Umbrellas and Excess policies are important because they give you additional (higher) limits on multiple policies by purchasing one policy. Most cover General Liability, Automobile, and the Employers’ Liability part of Workers’ Compensation Insurance. Umbrellas are written on their own form and often contain broader coverage than their underlying policies plus they offer drop down coverage for these situations. Excess policies follow the underlying policies and are only as broad as the polices they encompass.
I have been asked several times what Umbrella Limit a company should carry? While there is no definitive answer to this question, companies should begin their analysis by using the net worth of their company as a guideline. For example, the more you have, the more you should carry. Companies with substantial property values that have appreciated over time should look to more than just their financial statements to determine asset values. They should also look at the current market value of their properties.
We all hear of large losses that put companies out of business, where there could not have been enough coverage purchased to cover the loss. I have personally seen accidents that exceeded $2,000.000 but I have not seen anything over $10,000,000. This is why I am a proponent of dividing your companies into separate entities if it makes sense to do so. Whether or not you do this, keep in mind that the higher limits you obtain, the less each incremental layer will add to your premium. For example, let’s say the first $1,000,000 of the umbrella costs $2,000. The next $1,000,000 might cost $1,000 and the 3rd $1,000,000 might cost $500 for a total premium of $3,500 for a $3,000,000 umbrella.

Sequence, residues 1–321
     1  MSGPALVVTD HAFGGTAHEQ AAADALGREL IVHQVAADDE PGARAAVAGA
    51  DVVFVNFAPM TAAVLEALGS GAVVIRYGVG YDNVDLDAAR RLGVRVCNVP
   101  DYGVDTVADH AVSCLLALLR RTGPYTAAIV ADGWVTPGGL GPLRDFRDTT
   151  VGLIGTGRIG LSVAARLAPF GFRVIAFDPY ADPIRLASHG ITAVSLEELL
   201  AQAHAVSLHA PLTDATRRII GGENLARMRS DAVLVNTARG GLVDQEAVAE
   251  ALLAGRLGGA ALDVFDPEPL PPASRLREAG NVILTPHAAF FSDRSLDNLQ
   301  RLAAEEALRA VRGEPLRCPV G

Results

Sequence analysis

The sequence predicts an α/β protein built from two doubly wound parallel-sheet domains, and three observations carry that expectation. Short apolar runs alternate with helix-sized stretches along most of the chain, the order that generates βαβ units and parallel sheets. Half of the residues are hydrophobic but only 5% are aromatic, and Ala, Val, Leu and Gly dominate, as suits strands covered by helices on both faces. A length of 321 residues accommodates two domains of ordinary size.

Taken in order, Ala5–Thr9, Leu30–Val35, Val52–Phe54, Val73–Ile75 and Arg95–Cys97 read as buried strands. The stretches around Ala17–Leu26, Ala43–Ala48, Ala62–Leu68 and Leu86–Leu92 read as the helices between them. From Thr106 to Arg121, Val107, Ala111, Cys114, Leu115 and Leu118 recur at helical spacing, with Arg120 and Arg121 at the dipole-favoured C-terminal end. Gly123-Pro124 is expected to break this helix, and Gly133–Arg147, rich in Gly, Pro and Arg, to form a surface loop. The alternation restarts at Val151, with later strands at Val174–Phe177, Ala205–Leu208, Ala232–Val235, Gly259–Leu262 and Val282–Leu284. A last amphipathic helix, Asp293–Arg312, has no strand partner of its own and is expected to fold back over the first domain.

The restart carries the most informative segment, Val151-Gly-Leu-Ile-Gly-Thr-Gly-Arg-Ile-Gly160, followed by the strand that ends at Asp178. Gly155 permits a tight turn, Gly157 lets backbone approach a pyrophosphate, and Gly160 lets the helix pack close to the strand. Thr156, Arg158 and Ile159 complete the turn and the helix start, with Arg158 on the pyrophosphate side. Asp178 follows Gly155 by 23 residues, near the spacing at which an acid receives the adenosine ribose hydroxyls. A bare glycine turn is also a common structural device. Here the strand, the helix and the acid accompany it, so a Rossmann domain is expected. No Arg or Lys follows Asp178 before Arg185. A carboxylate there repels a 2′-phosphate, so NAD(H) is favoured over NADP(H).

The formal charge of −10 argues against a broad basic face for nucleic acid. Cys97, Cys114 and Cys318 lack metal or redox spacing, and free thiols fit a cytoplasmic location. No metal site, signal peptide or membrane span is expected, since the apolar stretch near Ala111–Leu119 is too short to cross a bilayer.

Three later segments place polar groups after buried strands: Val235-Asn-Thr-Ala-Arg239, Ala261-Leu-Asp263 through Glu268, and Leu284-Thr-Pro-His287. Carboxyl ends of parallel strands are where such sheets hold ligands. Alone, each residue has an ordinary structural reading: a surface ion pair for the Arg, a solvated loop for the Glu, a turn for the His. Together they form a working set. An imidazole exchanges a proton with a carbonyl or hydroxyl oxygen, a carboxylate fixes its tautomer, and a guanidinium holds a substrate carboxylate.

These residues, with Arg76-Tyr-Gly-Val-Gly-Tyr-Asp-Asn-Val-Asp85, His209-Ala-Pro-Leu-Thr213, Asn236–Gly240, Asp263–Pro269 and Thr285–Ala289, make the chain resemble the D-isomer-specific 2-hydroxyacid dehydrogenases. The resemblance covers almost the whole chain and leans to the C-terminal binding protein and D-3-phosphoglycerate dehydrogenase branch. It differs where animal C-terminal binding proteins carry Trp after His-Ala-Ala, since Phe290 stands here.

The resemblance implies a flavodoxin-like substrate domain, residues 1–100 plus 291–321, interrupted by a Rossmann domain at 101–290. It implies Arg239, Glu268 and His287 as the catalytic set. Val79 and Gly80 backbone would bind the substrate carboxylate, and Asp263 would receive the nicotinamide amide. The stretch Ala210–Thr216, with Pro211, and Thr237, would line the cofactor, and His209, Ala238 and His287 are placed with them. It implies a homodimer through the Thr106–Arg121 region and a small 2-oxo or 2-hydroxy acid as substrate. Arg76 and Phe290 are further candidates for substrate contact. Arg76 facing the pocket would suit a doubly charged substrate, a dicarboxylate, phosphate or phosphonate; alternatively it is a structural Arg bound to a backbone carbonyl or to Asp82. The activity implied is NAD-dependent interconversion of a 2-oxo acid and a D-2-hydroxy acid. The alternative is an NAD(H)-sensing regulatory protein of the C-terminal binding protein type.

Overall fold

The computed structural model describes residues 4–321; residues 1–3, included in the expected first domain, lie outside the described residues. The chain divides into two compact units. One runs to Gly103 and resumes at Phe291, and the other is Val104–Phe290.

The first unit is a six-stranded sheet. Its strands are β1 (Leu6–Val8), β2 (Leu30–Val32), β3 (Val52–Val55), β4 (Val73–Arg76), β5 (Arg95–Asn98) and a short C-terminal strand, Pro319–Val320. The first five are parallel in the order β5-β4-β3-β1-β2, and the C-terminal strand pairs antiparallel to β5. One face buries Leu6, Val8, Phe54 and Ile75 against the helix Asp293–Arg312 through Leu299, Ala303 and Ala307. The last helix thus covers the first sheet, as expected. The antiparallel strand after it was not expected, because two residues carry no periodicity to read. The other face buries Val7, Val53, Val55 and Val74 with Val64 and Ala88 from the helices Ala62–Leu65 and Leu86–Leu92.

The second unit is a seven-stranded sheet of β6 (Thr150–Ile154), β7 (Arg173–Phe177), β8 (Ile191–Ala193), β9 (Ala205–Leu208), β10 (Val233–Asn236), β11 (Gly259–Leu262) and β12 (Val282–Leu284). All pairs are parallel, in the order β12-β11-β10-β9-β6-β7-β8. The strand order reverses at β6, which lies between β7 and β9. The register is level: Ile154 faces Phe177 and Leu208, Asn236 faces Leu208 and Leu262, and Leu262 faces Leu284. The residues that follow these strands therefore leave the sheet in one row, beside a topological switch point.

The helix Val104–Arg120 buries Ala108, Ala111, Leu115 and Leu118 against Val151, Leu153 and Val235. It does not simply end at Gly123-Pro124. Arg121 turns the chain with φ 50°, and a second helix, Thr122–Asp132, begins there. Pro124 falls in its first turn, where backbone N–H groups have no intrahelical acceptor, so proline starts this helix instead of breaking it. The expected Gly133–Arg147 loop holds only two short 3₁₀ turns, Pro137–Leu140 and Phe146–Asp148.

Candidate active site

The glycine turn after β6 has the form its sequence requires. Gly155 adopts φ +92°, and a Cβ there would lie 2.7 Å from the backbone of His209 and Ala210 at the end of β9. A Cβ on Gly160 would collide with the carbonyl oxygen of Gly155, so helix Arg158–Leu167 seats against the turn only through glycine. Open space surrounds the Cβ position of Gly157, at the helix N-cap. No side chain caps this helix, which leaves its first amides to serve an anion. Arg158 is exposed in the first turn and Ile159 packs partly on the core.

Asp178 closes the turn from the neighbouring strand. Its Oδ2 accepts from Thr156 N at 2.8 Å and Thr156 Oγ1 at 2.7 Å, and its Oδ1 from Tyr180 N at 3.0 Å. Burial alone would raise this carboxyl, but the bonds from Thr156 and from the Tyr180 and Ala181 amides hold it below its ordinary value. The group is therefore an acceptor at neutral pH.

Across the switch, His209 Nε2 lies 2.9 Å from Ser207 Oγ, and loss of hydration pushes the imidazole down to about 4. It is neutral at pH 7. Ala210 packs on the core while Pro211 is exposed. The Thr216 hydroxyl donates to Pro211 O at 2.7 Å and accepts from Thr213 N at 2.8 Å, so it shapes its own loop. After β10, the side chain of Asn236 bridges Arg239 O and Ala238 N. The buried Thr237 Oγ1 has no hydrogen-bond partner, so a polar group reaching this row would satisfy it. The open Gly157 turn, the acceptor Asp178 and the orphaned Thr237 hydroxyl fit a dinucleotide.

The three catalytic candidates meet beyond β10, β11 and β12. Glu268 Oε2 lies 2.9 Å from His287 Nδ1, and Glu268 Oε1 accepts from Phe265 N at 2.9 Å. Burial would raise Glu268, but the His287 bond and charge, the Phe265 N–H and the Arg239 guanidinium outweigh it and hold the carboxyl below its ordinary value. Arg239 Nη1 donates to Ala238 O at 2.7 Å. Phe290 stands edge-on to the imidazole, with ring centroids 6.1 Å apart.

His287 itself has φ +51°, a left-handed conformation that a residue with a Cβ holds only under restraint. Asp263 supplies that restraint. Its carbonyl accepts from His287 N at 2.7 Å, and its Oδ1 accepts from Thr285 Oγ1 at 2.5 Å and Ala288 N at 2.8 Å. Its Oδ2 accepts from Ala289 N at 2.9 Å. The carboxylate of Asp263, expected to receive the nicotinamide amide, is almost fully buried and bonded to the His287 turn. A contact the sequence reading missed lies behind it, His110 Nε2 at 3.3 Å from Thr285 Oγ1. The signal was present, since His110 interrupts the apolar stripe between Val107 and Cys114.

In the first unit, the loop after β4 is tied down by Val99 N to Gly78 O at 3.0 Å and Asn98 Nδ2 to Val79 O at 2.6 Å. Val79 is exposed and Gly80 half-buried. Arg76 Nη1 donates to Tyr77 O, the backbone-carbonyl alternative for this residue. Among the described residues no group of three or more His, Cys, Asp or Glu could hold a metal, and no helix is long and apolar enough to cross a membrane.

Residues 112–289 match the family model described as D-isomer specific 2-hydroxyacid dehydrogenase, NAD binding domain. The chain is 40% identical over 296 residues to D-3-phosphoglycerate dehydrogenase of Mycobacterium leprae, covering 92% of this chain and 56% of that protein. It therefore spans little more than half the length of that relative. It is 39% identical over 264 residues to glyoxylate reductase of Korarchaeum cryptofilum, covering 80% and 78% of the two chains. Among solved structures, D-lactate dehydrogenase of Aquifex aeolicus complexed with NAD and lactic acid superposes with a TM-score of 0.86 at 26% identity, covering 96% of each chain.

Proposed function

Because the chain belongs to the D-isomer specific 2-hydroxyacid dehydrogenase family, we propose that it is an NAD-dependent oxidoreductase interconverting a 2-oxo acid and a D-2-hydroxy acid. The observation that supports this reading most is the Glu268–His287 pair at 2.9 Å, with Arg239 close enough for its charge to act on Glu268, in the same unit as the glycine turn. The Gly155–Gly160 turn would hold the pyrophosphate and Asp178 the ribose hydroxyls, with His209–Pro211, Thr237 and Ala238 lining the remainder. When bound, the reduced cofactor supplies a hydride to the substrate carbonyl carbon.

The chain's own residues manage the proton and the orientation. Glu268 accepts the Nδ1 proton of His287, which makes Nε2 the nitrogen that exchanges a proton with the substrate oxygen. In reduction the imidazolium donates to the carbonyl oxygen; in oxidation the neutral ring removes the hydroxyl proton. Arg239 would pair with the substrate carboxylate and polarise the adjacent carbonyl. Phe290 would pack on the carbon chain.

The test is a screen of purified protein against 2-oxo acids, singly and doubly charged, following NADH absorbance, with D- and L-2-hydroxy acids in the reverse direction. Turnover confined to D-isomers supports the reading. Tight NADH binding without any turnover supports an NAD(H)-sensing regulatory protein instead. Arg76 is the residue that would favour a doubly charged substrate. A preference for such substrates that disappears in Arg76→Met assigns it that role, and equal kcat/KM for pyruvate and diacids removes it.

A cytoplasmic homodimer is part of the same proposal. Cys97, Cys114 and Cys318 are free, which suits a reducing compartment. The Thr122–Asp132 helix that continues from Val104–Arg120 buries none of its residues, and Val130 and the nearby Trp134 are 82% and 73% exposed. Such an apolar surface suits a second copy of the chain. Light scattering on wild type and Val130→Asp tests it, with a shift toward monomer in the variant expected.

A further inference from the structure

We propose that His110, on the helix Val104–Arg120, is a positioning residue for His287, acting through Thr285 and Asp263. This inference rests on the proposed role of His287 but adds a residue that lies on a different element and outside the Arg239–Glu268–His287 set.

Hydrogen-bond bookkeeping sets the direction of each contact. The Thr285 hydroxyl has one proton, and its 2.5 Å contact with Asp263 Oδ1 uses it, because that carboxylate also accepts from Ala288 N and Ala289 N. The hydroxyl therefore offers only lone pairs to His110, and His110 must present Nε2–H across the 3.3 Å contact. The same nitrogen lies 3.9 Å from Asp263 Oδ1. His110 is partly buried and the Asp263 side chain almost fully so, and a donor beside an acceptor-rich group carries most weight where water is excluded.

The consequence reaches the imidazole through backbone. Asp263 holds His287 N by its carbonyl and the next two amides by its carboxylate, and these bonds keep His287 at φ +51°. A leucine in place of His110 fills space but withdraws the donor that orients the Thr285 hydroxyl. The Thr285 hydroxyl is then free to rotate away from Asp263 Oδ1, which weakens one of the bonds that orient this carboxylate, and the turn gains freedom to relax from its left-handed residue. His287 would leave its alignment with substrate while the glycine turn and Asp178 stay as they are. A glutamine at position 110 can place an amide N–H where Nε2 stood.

Whatever you do, take the time to properly protect your company. You spent a lot of time building your business, so spend the time to make sure you get to keep it.